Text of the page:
Beto O’Rourke’s Lazy Air Drumming Suggests A Low-Energy Performer

Beto O’Rourke’s Lazy Air Drumming Suggests A Low-Energy Performer

Following the first scheduled debate between Sen. Ted Cruz and Rep. Beto O’Rourke on Friday night, a clip of the challenger air drumming in the drive-thru lane at Whataburger was published on Twitter:

The clip is obviously intended to convey that O’Rourke was in high spirits after the event. But was he?

Although he remains an underdog against Cruz, the polls suggest O’Rourke is a formidable challenger. He has a certain Kennedy-esque charisma, in the sense that he caused an accident while driving drunk and allegedly tried to flee the scene (he denies only the latter).

Like any charismatic Democrat, O’Rourke is a media darling. It has been reported that his stump speech “appeals to the skeptic — and provides moments of near-spiritual conversion.” Such was the scene on the night of the debate:

O’Rourke is being treated as what passes in politics for a rock star. Indeed, he was once in a punk rock band:

That’s Beto on the left, appropriately enough. He still fancies himself a musician, having played guitar with Willie Nelson, Margo Price, and others during the campaign. But watch that clip of O’Rourke air drumming again.

First, there is the song selection. For a progressive heartthrob, The Who’s “Baba O’Riley”—from 1971’s “Who’s Next”—is a strangely conservative choice. Even if it were not apparent from the lyrics, songwriter Pete Townshend has famously explained the track “is about the absolute desolation of teenagers at Woodstock, where everybody was smacked out on acid and 20 people, or whatever, had brain damage. The contradiction was that it became a celebration: ‘Teenage wasteland, yes! We’re all wasted!’”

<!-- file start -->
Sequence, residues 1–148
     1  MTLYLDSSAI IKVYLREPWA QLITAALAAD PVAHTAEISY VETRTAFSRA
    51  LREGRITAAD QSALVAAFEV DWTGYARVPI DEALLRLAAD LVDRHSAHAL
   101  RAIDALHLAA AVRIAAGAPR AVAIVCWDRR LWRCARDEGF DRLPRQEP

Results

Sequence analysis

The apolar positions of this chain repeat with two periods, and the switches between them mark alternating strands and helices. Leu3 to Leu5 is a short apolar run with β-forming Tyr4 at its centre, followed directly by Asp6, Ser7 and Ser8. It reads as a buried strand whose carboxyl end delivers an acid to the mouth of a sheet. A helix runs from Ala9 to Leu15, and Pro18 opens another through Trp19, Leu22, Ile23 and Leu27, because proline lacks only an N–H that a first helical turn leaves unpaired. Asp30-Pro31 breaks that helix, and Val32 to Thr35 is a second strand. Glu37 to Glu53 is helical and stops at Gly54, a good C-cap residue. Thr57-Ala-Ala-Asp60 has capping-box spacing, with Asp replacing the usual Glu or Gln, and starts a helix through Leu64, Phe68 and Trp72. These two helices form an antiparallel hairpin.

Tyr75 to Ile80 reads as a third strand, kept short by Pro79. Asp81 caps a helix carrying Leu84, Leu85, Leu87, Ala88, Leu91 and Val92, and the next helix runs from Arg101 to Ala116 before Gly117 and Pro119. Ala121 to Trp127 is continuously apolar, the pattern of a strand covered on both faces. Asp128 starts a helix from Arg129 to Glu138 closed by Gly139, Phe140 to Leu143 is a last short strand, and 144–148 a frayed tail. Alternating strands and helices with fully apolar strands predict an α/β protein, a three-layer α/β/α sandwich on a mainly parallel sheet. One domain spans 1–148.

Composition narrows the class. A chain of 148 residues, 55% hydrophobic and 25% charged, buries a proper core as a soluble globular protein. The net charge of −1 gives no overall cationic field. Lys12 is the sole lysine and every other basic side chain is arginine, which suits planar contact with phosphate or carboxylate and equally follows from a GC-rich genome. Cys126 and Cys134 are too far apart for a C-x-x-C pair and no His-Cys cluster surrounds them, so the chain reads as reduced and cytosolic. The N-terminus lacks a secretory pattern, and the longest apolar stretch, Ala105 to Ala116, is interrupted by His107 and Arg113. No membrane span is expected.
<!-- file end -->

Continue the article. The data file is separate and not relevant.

Second, and perhaps more important: O’Rourke completely blows the song’s opening drum fill. Granted, The Who’s drummer, Keith Moon, remains one of the most flamboyant and idiosyncratic to have sat upon the throne in the whole of rock music. Trying to air drum in the style of Keith Moon is quite ambitious. Indeed, it was a running joke that when The Who was obliged to lip-sync performances, Moon would not even try to duplicate his original performances (see, for example, “Substitute.”)

But O’Rourke has proven himself to be quite an ambitious man. And “Baba O’Riley” is a tune familiar from decades of radio play and one on which Moon is a bit constrained by playing to a click track.

Moreover, musicians who spend any significant time in a band eventually hanker to play one of the other instruments. As often as not, the guitarist secretly longs to be the drummer. Yet Beto’s attempt is entirely lazy, not only an abject failure to emulate Moon, but barely recognizable as a fill at all. Not only does he miss the fill, he’s hitting cymbals when he should be hitting toms.

Compare O’Rourke’s pathetic performance to that of Peter Zirpolo, whose approximation of Rush’s virtuoso drummer Neil Peart went viral earlier this month:

He even got plaudits from Rush on social media:

Zirpolo is affiliated with the Baltimore Ravens Marching Band, but he is no longer one of its musicians; he handles their budget and logistics. He once played cymbals and even sousaphone for the band, but has not sat behind a drum kit in 15 years. What he has is a commitment to his craft.

Nevertheless, given that Zirpolo was a drummer through his high school years, O’Rourke supporters may find the comparison unfair. So let’s consider another comparison to a classic of the air drumming genre:

Even a small dog, with only minimal human assistance, more credibly approximates this classic Phil Collins fill from “In The Air Tonight” than O’Rourke manages on “Baba O’Riley.”

A campaign for the United States Senate is a serious thing. O’Rourke’s media image is managed meticulously, right down to a clip of him skateboarding in the Whataburger parking lot. Beto wants you to know how cool he is.

A post-debate clip of him air drumming was posted as part of the effort to make him seem victorious and keep the contest close. But that performance should go next to the dictionary definition of “low-energy.”

Warren Henry is the nom de plume of an attorney practicing in the State of Illinois.
Most Popular
Related Posts